In 2019, I got a 1099-R for an IRA distribution due to a backdoor Roth conversion. Since ALL of the converted funds were from post-taxed contributions, I reported the same amount as my basis on form 8606 so that I wasn't double-taxed. When filing my 2019 return, I also used form 8606 to report an additional post-tax/non-deductible contribution made in the 2020 calendar year but counted toward the 2019 total. This additional amount was NOT converted/distributed to my Roth in 2019, and thus wasn't included in my 2019 1099-R distribution.
The additional contribution was backdoor converted on the same day in 2020 as the contribution (i.e. no growth), and accordingly, I got a 1099-R for 2020 reporting this distribution. Because the financial institution can't know whether this contribution was pre or post tax, they assume the worst case and put the full amount in box 2a (i.e. taxable amount). They ALSO checked 2b (taxable amount not determined), presumably leaving open the possibility that I can account for this being from a post-tax contribution. They used distribution code 2 in box 7, and checked "IRA/SEP/SIMPLE".
When I enter my 1099-R in TurboTax, the federal tax doesn't increase and it says:
"Even though you’re taking money out early, you don’t need to pay a penalty because of your situation."
It doesn't explain the details of the "situation", BUT my Massachusetts tax bill increases by 5% of the distribution (i.e. I'm getting double taxed by Massachusetts). I don't know the reason why it didn't increase my Federal tax, but I suspect it is NOT because it knows that the distribution originated from post-tax funds, or else it wouldn't have increased my Massachusetts tax.
Next, I manually triggered form 8606 and reported my basis as equal to the distributed amount in an attempt to cancel this out. I left the 2020 non-deductible contribution blank/zero because although there was a contribution made in the 2020 calendar year, it was counted toward the 2019 total and already reported on my 2019 form 8606.
Even though I filled out form 8606 for 2020 and reported the "correct" basis equal to the reported distribution, this did not reduce my Massachusetts tax bill to the original amount prior to the entry of the 1099-R.
What am I missing? I paid extra to get help from a Turbo Tax CPA, but he isn't sure what to do either. He is currently researching my case and is confident he will find a resolution, but I am worried.
" I filled out form 8606 for 2020 and reported the "correct" basis equal to the reported distribution,"
that's not permitted, you can't make up a basis that gives you the tax result you want.
if you enter your true basis, and your total value of all IRAs at year end, as required,
the ratio there will determine how much of your distribution is not taxable.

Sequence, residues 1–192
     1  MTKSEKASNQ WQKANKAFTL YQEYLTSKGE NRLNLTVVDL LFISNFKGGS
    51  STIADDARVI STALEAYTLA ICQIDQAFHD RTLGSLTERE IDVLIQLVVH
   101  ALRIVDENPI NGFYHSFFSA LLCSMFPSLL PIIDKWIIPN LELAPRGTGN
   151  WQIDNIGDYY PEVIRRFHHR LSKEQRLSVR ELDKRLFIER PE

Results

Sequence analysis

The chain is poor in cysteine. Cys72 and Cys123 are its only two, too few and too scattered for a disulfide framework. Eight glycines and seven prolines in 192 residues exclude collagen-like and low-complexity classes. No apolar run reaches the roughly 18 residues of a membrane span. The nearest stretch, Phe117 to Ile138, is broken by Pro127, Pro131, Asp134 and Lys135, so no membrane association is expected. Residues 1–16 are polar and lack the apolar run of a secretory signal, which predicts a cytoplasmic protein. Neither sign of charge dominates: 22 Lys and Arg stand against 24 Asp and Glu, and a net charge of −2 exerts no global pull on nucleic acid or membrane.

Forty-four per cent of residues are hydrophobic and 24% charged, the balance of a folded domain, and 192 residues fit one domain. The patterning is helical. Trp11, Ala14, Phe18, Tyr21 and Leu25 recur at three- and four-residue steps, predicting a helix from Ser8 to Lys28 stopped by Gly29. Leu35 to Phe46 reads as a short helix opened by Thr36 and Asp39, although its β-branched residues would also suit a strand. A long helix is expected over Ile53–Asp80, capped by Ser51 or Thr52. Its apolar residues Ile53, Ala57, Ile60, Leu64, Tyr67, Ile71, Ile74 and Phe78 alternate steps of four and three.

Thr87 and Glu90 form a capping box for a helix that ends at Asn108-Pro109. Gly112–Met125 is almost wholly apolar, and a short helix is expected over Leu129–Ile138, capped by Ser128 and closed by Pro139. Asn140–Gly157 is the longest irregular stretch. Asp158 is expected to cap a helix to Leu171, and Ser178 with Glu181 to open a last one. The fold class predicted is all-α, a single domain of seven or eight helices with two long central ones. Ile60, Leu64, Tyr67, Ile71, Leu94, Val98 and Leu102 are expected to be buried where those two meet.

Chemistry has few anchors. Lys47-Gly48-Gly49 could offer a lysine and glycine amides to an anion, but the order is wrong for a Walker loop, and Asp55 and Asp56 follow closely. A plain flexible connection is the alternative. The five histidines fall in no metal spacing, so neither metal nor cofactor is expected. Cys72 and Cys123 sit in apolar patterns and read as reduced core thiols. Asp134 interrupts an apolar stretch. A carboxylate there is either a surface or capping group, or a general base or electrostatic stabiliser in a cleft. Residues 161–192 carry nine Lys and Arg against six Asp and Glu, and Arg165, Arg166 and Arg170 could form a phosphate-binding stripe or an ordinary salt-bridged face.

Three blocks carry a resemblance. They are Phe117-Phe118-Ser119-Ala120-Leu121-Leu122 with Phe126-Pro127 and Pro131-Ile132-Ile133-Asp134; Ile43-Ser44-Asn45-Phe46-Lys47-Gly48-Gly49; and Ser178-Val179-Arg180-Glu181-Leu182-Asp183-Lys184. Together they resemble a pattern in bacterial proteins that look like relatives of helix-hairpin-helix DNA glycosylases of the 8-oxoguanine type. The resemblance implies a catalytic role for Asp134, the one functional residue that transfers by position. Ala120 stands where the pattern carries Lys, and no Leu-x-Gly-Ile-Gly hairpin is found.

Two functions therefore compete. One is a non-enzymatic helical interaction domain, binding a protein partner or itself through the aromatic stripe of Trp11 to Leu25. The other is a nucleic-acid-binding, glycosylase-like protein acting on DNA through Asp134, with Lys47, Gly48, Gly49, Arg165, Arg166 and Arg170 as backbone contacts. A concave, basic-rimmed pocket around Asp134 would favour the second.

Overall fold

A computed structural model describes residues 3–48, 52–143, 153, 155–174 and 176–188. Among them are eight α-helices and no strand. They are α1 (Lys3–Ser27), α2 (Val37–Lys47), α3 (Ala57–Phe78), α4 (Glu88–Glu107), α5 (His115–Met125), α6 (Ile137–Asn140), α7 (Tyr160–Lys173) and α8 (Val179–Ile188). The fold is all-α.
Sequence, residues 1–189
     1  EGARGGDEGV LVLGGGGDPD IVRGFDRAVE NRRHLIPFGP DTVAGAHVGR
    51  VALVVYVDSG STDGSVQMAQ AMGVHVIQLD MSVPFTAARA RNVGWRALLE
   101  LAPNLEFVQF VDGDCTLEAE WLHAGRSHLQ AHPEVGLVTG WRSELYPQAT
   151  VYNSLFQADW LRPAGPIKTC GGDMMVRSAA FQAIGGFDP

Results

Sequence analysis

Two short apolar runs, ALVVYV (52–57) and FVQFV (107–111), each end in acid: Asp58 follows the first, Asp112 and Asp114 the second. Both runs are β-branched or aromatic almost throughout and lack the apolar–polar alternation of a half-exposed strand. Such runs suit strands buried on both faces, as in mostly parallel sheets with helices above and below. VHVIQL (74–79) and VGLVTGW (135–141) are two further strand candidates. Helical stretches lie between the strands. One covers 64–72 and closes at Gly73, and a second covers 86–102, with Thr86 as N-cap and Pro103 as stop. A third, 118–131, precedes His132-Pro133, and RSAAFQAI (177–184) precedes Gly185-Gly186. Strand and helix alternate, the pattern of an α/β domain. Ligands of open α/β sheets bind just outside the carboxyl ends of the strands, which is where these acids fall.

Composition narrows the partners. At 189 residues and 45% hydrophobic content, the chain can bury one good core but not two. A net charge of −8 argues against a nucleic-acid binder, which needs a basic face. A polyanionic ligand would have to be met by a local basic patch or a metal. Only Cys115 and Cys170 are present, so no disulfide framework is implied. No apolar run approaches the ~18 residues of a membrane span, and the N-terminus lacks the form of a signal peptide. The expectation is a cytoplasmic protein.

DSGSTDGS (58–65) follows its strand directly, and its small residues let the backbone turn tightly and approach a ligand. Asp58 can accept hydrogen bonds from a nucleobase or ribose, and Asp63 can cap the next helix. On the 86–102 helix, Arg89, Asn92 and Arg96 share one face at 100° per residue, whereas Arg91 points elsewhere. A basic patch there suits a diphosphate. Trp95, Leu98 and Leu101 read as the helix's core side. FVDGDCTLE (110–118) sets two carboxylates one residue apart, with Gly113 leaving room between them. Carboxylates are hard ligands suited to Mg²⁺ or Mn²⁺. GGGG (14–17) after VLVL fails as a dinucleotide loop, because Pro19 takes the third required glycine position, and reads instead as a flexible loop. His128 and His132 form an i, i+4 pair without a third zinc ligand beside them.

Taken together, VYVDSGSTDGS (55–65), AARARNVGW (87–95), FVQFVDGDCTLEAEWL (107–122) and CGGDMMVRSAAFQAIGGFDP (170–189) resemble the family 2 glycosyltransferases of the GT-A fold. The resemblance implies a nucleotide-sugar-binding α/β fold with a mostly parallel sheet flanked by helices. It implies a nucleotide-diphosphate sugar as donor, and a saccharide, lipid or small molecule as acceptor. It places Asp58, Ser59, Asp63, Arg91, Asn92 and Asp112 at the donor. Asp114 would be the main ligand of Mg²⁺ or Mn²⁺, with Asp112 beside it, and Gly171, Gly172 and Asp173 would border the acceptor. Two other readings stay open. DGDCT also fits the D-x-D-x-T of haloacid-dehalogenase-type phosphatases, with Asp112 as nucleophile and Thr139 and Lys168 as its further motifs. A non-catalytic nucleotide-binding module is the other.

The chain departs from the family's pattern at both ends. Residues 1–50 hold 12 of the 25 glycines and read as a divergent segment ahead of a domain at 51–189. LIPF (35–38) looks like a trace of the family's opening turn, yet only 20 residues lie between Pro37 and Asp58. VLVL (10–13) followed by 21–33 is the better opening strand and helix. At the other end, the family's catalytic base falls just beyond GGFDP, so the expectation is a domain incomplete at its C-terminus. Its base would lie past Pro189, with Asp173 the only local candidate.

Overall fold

your true basis is from line 14 on your last filed Form 8606, plus any non-deductible contribution for 2020.
Line 14 on last year's 8606 IS basically the amount of the distribution reported on the 2020 1099-R. Actually it is a little bit more because the distribution for THAT year was actually a few dollars lower than the corresponding basis (the account had a few dollars of losses).
Are you saying that I shouldn't need to fill out a new 8606 because I don't have any new contributions that need to be accounted for? If so, TurboTax should already know the correct basis from the 2019 form 8606, but it is STILL double taxing me (at least on the state return). I only tried filling out a 2020 form 8606 as an experiment to help figure out what was going wrong...
correction: Your true basis is from your last filed form 8606 (2019) assuming you didn't report a made up basis in that year also.
As I understand it from other forum posts, MA has a different formula for calculating the taxable amount on an IRA distribution.
I didn't make it up. I reported an after-tax contribution made in 2020 before tax day which was designated toward 2019. The basis on THAT form 8606 was carried over from after tax contributions reported in prior years form 8606, etc.
Can you link to whatever posts talk about the Massachusetts calculation?
I don't know why I'm looking this up for you.
The instructions for MA income tax are readily available to all.
Line 2. Taxable IRA/Keogh, Qualified
Charitable IRA Distributions and Roth IRA Conversion Distributions
Complete the Schedule X, Line 2 Worksheet to
calculate the taxable portion of any amount you
received from an Individual Retirement Account
(IRA), Keogh, qualified charitable IRA distribution
or Roth IRA conversion distribution.
Since Massachusetts does not allow a deduction for amounts
originally contributed to an IRA or Keogh, the distributions are not taxable until the full amount of
your contributions which were previously subject to Massachusetts taxes are recovered.